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10 Articles in Volume 6, Issue #1
Do Topical Herbal Agents Provide Pain Relief?
Infusion Catheter Epidural
New Report of a High-Dose Morphine Metabolite
Pain Education and Pain Educators
Suspecting and Diagnosing Arachnoiditis
Tennant Blood Study, First Update
The Demise of Multidisciplinary Pain Management Clinics?
The Dimensions of Pain
The Role of Psychology in Pain Management

Tennant Blood Study, First Update

Presented here is the first update of tables showing opioid blood levels along with basic information about each patient. The next issue of Practical Pain Management will publish the second and final update. Physician readers are encouraged to immediately send us additional cases. Call or email for a survey form (see contact information for Dr. Tennant, below) or simply follow the table format and forward results to us. A comprehensive list of physician contributors to the study will be listed with the final update.

The Tables published here are for clinical and medicolegal reference and specifically address opioid-tolerant patients, that is those patients who have been safely titrated up to a level of opioid consistent with reducing their pain and improving their day to day functionality.

Stimuli for this survey are:

1. Claims of mis-prescribing by physicians based solely upon a blood level;
2. Education of all concerned parties that a periodic opioid blood level is essential to the clinical monitoring of persistent pain patients who require high dose, long-term opioid administration.

While most patients listed in these Tables were determined to be functional, ambulatory, able to drive, and even work by a single physician's observations, it is abundantly clear that opioid tolerance exists in these patients. Most patients in these Tables take a daily opioid dose that would generally be considered high, with accompanying blood levels that clearly exceed those labeled as “toxic” to non-tolerant patients. There is no better way to determine the presence of opioid tolerance than to determine that physiologic functions such as ambulation, alertness, speech, pupil reaction, and vital signs are normal in the face of a significant opioid blood level. Physicians are encouraged to document the presence of opioid tolerance by blood test and physical assessment in every long-term, high-dose patient.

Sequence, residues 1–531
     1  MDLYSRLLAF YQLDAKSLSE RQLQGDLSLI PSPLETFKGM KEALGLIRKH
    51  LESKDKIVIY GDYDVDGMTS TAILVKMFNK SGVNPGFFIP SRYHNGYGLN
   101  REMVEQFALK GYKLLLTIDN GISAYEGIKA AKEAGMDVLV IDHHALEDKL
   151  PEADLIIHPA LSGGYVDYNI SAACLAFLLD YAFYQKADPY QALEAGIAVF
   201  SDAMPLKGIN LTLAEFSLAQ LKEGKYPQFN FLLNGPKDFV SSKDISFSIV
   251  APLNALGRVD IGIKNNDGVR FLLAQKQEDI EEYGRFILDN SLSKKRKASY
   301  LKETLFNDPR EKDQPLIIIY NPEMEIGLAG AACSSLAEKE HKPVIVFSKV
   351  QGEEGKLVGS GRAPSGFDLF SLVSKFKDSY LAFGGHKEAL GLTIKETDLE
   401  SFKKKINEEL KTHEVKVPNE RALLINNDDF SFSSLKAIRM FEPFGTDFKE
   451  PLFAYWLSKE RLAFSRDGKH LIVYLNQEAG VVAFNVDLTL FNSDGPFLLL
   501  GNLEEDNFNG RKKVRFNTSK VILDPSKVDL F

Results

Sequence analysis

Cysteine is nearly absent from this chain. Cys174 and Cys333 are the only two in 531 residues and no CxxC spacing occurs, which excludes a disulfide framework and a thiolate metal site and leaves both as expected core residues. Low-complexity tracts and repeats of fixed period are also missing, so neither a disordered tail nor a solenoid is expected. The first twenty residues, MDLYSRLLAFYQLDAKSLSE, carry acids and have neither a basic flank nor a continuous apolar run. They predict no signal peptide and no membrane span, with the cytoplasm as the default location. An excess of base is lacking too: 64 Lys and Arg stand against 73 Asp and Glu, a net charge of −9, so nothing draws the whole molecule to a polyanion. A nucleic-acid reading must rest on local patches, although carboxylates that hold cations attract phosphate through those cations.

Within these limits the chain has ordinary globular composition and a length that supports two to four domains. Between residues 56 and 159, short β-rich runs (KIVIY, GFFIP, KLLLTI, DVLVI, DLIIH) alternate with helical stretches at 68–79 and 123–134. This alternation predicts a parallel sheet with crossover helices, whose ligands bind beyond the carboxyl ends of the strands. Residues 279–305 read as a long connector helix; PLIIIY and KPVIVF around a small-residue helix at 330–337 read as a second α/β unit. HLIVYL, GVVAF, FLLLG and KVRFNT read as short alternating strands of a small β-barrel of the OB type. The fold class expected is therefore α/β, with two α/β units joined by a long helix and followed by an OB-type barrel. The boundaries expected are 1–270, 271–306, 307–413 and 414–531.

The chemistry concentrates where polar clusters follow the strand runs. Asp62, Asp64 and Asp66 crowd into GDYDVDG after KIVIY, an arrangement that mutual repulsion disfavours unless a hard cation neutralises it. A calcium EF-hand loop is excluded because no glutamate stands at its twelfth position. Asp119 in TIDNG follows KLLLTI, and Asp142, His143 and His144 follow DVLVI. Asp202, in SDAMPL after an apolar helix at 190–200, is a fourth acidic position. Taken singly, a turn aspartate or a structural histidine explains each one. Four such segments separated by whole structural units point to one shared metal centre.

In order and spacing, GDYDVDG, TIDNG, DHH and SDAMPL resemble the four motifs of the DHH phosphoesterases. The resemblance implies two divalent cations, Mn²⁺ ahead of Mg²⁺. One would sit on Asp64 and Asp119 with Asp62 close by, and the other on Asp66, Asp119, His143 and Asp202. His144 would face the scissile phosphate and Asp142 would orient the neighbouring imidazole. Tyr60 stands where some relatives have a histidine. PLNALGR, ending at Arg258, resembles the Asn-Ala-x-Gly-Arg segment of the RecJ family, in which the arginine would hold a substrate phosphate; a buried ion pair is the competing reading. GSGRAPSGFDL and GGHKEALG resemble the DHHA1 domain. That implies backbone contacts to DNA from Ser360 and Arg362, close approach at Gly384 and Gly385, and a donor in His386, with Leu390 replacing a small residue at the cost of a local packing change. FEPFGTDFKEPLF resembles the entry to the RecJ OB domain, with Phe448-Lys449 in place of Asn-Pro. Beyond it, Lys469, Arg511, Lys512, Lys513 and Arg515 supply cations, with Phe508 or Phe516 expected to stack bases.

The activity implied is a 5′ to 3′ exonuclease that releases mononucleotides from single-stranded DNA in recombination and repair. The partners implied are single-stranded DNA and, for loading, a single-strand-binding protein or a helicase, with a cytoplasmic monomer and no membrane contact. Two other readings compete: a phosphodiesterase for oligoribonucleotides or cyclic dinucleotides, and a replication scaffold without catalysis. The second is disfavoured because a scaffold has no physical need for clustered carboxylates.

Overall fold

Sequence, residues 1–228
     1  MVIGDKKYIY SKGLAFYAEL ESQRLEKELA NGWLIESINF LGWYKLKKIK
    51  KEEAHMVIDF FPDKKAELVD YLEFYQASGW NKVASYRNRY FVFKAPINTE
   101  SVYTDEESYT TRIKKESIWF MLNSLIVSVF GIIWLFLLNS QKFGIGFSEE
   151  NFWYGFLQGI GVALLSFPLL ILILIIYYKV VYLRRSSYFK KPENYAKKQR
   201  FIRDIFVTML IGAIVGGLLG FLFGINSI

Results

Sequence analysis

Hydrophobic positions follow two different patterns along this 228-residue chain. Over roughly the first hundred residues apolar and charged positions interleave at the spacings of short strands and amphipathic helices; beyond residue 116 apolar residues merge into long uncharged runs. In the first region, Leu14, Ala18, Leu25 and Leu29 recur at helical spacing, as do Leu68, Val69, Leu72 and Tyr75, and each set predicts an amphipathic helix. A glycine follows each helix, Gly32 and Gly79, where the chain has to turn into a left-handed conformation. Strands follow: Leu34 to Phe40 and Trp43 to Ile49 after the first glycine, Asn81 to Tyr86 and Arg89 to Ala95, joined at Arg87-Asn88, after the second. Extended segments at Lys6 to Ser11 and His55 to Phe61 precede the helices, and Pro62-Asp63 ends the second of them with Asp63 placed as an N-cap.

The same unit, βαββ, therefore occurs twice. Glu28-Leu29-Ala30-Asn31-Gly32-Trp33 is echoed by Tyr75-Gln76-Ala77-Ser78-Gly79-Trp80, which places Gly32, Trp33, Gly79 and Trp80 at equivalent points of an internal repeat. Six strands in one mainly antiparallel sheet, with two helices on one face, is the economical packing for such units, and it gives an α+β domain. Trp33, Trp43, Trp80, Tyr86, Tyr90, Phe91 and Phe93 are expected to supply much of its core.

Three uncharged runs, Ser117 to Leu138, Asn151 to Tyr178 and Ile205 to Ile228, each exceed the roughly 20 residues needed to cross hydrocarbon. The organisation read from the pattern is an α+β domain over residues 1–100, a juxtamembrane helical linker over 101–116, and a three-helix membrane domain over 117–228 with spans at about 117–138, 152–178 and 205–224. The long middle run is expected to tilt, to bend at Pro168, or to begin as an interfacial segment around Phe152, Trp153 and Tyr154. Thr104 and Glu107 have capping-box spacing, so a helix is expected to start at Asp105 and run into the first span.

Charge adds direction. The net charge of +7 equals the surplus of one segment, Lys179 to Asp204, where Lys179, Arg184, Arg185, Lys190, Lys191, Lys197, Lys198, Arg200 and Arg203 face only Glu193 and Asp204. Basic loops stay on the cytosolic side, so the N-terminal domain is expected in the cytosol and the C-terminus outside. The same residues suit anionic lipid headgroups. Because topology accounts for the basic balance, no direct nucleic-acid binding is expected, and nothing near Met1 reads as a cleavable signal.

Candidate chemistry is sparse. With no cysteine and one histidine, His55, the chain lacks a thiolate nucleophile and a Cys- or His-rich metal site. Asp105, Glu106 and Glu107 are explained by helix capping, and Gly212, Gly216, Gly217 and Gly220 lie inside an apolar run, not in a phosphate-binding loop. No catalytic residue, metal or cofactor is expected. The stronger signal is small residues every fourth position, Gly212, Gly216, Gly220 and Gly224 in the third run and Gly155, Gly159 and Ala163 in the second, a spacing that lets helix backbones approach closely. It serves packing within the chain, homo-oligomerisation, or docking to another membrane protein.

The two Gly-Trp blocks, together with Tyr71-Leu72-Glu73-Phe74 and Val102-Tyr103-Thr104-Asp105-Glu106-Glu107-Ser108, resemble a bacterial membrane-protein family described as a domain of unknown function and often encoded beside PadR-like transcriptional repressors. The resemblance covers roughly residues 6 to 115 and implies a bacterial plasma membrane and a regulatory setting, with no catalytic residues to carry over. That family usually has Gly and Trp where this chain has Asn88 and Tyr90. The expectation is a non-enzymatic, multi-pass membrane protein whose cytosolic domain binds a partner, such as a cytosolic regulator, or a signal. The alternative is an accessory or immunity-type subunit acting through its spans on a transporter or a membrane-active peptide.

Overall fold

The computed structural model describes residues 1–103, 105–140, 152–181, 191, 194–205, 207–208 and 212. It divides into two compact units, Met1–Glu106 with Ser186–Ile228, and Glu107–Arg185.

It is to be noted here that a quantitative urine analysis for opioids does not document tolerance. Only the presence of opioids in blood—when physical functions are normal—validate tolerance. Documentation of tolerance by use of a blood level not only tells the physician that the patient has likely complied with prescribing instructions for a considerable time period, but it also provides legal protection should an opioid blood level be taken after an auto accident or death.


Last updated on: January 7, 2021
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